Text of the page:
ToLuaStackinstances for lazy ByteStrings are added.
- None-string error messages are handled properly: Lua allows error messages to be of any type, but the haskell error handlers expected string values. Tables, booleans, and other non-string values are now handled as well and converted to strings.
- Use newtype definitions instead of type aliases for LuaNumber and LuaInteger. This makes it easier to ensure the correct numeric instances in situations where Lua might have been compiled with 32-bit numbers.
- Instances of
Intare removed. The correctness of these instances cannot be guaranteed if Lua was compiled with a non-standard integer type.
- The flag
lua_32bitswas added to allow users to compile Lua for 32-bit systems.
- When reading a list, throw an error if the lua value isn’t a table instead of silently returning an empty list.
- Tuples from pairs to octuples have been made instances of
- New functions
dofileare provided to load and run strings and files in a single step.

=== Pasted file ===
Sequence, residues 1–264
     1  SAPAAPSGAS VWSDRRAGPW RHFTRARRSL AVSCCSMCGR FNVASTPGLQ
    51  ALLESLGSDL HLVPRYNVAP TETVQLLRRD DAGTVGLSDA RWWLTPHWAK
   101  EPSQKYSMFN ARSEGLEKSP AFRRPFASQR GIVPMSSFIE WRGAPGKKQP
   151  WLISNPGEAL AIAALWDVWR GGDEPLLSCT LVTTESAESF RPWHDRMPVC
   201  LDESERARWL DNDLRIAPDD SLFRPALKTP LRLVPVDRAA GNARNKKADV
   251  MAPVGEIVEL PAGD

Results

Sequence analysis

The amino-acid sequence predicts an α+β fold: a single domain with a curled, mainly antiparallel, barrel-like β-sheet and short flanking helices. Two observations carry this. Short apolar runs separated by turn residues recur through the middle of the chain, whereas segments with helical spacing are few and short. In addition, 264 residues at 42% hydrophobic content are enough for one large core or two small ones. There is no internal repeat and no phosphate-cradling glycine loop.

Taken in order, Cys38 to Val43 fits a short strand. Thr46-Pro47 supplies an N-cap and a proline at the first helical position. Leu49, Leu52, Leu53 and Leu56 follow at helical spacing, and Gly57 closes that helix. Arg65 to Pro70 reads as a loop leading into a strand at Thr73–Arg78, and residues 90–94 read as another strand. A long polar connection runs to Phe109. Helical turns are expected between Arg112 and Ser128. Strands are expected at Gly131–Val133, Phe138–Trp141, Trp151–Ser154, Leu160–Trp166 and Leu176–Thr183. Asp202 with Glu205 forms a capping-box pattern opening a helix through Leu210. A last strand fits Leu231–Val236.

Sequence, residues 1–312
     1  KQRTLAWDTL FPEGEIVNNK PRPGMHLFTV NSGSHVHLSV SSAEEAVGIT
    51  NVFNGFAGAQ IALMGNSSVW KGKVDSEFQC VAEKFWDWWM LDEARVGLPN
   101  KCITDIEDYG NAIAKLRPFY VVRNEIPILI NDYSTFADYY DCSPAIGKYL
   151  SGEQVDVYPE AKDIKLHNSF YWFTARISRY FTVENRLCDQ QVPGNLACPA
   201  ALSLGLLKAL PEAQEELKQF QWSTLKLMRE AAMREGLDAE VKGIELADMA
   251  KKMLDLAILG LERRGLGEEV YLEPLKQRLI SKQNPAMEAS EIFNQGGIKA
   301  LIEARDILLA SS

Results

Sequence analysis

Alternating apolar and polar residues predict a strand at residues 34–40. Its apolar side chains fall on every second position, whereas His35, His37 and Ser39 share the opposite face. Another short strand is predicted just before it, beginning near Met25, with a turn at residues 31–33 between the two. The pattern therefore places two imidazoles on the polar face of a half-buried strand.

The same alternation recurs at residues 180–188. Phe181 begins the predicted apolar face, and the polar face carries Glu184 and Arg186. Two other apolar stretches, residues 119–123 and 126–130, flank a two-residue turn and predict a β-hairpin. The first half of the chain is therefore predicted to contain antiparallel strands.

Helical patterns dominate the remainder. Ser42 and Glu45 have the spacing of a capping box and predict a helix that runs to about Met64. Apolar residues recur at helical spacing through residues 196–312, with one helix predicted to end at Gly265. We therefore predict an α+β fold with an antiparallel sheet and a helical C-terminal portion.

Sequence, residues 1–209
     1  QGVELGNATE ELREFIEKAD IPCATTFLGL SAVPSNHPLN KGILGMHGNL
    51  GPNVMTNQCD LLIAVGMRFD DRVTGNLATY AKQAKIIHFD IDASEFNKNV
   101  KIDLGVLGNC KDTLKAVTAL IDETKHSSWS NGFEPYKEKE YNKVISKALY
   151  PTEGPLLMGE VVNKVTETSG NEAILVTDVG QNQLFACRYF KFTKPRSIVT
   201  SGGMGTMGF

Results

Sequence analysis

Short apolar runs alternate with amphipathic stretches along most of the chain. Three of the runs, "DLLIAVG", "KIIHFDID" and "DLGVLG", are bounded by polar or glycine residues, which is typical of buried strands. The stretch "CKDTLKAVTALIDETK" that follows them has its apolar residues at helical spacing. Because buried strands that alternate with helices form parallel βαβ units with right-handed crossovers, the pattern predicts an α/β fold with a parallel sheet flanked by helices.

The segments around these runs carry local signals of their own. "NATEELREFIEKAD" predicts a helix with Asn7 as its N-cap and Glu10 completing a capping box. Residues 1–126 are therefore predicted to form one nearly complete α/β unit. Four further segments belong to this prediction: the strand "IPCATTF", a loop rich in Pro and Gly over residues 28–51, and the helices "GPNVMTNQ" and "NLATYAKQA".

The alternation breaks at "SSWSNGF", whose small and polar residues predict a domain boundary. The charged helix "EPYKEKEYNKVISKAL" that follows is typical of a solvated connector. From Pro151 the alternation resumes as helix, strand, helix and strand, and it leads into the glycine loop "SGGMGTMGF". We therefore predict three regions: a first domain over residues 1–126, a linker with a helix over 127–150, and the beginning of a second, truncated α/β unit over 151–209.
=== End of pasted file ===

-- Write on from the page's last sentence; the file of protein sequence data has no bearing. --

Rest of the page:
LuaStatuswas renamed to
Status, the Lua prefix was removed from its type constructors.
- The constructor
ErrFilewas added to
Status. It is returned by
loadfileif the file cannot be read.
- Remove unused FFI bindings and unused types, including all functions unsafe to use from within Haskell and the library functions added with 0.5.0. Users with special requirements should define their own wrappers and raw bindings.
- The module Foreign.Lua.Api.SafeBindings was merge into Foreign.Lua.Api.RawBindings.
- FFI bindings are changed to use newtypes where sensible, most notably
NumResults, but also the newly introduced newtypes
- Add functions
tonumberxwhich can be used to get and check values from the stack in a single step.